Attorney General Martha Coakley’s bid to suspend the relicensing of the Pilgrim nuclear power plant in Plymouth has been rejected bya three-judge panel working on behalf of the Nuclear Regulatory Commission, the Enterprise reports. The panel rejected Coakley’s request to suspend the relicensing of Pilgrim until the implications of the Fukushima Dai-ichi disaster in Japan can be fully studied, the Enterprise reports.
U.S. Rep. Edward Markey issued a statement repeating his stance that it would be irresponsible to issue a new license to Pilgrim or any of the 16 other nuclear reactors with pending renewal applications until “the lessons of the Fukushima meltdowns are fully integrated in NRC regulations and plans.”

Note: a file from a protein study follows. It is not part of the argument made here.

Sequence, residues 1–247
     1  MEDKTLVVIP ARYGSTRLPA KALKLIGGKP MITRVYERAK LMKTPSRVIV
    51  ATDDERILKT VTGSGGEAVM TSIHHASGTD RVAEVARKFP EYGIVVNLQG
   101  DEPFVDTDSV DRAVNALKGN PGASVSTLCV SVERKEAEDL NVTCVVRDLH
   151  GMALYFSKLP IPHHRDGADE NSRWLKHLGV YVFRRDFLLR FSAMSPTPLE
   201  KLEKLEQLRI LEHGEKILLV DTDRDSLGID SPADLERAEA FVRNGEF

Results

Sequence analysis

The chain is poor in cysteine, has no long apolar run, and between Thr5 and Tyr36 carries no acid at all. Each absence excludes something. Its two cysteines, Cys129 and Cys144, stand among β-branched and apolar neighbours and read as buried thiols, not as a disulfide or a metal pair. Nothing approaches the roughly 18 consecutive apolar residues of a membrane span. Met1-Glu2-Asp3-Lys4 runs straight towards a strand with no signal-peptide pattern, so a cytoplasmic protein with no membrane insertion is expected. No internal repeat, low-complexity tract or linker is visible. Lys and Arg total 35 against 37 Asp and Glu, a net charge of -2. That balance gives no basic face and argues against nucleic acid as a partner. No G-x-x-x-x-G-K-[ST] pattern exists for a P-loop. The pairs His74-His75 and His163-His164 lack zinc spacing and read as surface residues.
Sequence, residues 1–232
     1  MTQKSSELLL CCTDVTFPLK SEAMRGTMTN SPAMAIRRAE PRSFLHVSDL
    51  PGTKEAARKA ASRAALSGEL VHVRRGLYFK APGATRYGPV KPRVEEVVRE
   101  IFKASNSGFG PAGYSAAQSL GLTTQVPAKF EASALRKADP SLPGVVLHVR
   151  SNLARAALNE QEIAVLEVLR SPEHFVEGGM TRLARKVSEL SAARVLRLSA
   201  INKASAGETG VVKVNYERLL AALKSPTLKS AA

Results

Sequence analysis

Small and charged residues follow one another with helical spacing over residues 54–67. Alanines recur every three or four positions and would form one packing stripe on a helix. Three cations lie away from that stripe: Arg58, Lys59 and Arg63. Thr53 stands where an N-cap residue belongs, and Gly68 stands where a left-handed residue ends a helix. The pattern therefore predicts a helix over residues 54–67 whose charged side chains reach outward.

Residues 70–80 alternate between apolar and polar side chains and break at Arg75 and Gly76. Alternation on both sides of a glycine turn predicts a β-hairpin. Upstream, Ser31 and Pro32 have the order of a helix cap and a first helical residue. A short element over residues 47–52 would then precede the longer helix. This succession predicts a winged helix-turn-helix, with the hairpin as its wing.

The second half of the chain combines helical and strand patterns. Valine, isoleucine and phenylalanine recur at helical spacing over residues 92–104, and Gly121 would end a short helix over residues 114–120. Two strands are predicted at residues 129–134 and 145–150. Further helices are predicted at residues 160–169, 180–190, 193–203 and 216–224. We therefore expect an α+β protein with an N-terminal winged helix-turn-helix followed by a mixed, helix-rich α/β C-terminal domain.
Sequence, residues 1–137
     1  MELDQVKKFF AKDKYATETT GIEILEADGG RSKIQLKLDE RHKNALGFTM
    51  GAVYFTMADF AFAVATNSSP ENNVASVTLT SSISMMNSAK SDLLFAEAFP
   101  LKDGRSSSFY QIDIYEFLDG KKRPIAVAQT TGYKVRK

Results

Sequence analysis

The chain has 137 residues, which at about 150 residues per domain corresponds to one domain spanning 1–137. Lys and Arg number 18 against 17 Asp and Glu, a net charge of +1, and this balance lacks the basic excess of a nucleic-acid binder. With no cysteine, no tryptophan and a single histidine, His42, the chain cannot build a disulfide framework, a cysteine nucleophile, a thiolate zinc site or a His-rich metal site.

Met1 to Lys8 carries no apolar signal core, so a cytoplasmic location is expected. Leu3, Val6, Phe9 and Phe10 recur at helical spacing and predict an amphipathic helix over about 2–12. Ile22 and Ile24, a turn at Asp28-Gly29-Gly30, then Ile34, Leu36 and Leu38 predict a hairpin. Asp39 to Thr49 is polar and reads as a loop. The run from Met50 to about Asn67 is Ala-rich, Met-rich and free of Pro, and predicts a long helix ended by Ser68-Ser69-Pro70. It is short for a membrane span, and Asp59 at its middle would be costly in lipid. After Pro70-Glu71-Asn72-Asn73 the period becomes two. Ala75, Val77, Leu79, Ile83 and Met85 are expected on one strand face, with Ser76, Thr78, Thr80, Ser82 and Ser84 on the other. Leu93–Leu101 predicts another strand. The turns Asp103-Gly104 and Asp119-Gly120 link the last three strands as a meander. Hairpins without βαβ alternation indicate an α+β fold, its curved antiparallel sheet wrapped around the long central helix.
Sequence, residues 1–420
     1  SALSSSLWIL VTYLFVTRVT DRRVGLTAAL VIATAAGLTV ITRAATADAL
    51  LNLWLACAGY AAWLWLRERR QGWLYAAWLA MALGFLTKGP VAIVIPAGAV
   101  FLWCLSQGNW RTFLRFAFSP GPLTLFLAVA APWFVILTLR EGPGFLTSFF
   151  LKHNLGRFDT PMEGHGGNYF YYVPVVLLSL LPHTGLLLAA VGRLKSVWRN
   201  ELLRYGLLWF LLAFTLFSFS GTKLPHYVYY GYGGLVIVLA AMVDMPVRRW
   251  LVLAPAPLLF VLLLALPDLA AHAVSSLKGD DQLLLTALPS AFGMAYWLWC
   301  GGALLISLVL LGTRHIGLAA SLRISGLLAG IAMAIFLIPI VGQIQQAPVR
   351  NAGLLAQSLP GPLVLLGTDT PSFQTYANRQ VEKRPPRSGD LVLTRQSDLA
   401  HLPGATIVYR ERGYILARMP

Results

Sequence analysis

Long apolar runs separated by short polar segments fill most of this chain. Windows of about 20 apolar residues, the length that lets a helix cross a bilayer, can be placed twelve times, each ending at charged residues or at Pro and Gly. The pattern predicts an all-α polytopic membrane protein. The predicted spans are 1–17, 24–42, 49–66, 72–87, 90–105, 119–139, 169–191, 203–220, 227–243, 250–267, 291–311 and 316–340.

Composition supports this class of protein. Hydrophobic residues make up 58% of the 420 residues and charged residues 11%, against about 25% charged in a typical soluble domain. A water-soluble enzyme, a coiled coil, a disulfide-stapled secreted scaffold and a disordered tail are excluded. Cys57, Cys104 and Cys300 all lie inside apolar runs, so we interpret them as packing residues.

The Pilgrim review has already become the longest relicensing review of any of the country’s existing nuclear power plants – primarily due to concerns raised by Pilgrim Watch and, to some extent, by Coakley’s office. Pilgrim Watch filed a new contention on Nov. 18, arguing that Entergy needs to provide more information about what could happen to the flow of contaminated water in an emergency like what happened at the Fukushima plant in March.
Source: Enterprise News
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